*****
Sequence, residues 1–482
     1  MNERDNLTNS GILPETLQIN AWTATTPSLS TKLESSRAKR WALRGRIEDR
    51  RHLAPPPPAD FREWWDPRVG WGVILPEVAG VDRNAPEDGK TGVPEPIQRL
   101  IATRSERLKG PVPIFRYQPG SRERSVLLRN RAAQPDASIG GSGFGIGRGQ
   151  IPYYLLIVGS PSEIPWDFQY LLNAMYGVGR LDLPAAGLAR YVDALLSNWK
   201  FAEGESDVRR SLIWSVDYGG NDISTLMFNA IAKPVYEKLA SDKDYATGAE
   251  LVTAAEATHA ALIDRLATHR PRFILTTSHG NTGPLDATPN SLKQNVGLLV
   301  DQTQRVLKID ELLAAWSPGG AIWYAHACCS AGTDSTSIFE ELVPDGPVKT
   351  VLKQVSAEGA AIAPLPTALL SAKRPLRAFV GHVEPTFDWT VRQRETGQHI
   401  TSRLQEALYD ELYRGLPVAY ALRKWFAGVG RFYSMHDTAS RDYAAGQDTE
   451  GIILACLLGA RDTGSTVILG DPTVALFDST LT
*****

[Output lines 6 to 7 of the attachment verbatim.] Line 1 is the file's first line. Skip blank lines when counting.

   201  FAEGESDVRR SLIWSVDYGG NDISTLMFNA IAKPVYEKLA SDKDYATGAE
   251  LVTAAEATHA ALIDRLATHR PRFILTTSHG NTGPLDATPN SLKQNVGLLV